All bulls to be auctioned have recently passed the Senior Bull Test, which measures weight gain, frame and breeding soundness
Performance tested bulls like this one will be sold at auction at the upcoming Senior Bull Test Sale at the Middle Tennessee AgResearch and Education Center on Thursday, Jan. 24, 2013.
SPRING HILL, Tenn. – The University of Tennessee will auction more than 70 performance-tested bulls at the upcoming Senior Bull Test Sale on Thursday, Jan. 24, 2013. The sale will take place at noon at the Middle Tennessee AgResearch and Education Center.
All bulls to be auctioned have recently passed the Senior Bull Test, which measures weight gain, frame and breeding soundness. In this class, 73 bulls (71 Angus and two Charolais) passed the test’s strict requirements, with a class average daily weight gain of more than 4.5 pounds. Top-gaining honors went to a consignment from Rainbow Angus who averaged a gain rate of more than six pounds per day, finishing at 1460 pounds with a frame score of 6.3.
In addition to the live auction at the Middle Tennessee AgResearch and Education Center, two tele-video sites will be provided for the sale at the Clyde Austin 4-H Center in Greeneville and the Knoxville Livestock Center.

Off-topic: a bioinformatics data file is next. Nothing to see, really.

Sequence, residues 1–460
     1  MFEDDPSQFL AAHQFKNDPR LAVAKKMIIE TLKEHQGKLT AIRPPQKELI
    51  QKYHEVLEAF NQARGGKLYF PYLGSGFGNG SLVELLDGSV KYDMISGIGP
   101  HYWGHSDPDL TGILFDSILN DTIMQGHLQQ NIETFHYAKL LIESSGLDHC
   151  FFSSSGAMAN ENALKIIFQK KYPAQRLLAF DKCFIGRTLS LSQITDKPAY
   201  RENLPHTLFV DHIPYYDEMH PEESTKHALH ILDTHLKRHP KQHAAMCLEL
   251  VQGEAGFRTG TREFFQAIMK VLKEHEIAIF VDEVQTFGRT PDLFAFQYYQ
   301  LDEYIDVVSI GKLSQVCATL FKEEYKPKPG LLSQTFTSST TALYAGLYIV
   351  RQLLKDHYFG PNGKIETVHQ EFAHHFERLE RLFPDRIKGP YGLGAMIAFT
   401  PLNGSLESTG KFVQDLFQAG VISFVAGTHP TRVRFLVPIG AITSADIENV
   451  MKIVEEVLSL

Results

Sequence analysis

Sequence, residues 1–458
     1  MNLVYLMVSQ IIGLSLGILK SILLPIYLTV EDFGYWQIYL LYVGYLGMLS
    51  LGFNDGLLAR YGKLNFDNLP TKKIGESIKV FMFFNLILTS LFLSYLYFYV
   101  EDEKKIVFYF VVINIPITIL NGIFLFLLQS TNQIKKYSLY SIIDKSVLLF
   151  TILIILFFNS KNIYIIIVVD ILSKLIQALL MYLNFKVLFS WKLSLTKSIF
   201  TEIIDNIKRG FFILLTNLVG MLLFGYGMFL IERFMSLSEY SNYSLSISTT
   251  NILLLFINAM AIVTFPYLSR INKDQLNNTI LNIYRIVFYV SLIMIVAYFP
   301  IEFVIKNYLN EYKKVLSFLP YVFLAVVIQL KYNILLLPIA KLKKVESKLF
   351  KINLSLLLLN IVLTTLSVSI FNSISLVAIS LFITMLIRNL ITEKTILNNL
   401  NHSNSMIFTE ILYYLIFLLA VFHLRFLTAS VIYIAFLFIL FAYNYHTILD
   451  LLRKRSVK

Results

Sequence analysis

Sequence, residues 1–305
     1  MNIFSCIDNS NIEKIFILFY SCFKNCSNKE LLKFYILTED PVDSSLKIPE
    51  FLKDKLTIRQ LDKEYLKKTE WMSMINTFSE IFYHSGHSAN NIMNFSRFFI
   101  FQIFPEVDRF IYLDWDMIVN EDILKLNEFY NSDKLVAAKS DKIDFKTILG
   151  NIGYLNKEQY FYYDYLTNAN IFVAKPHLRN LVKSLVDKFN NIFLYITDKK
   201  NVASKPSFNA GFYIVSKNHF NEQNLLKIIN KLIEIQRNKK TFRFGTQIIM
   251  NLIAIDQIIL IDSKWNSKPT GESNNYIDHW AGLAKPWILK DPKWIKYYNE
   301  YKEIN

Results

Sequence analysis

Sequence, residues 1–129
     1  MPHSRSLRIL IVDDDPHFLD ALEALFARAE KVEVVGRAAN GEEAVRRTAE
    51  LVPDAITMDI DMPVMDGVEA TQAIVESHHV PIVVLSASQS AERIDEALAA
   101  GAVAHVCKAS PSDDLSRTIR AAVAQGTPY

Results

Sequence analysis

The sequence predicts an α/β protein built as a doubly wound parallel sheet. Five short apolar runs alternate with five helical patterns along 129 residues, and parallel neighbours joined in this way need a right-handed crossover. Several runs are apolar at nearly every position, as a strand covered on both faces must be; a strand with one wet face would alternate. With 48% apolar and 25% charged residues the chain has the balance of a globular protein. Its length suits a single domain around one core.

Sale catalogs are available online at http://animalscience.ag.utk.edu/Beef/BullTestingProgram.html, or you can pick one up at your local county UT Extension office. Catalogs will also be provided at the sale. Additionally, lunch will be available.
For questions, contact Dr. David Kirkpatrick at 865-974-7294, or call the Middle Tennessee AgResearch and Education Center at 931-486-2129. The center is located on Highway 31 between Spring Hill and Columbia.
The UT Bull Test Program is a cooperative effort between UT Extension, UT AgResearch, the UT College of Veterinary Medicine and the Tennessee Beef Cattle Improvement Association.
The Middle Tennessee AgResearch and Education Center is one of 10 outdoor laboratories operated by UT AgResearch, a division of the UT Institute of Agriculture. In addition to its agricultural research programs, the UT Institute of Agriculture also provides instruction, research and public service through the UT College of Agricultural Sciences and Natural Resources, the UT College of Veterinary Medicine and UT Extension offices in every county in the state.
Dr. F. David Kirkpatrick, UTIA Department of Animal Science, 865-974-3190, email@example.com
Ginger Rowsey, UTIA Marketing and Communications Services, 731-425-4768, firstname.lastname@example.org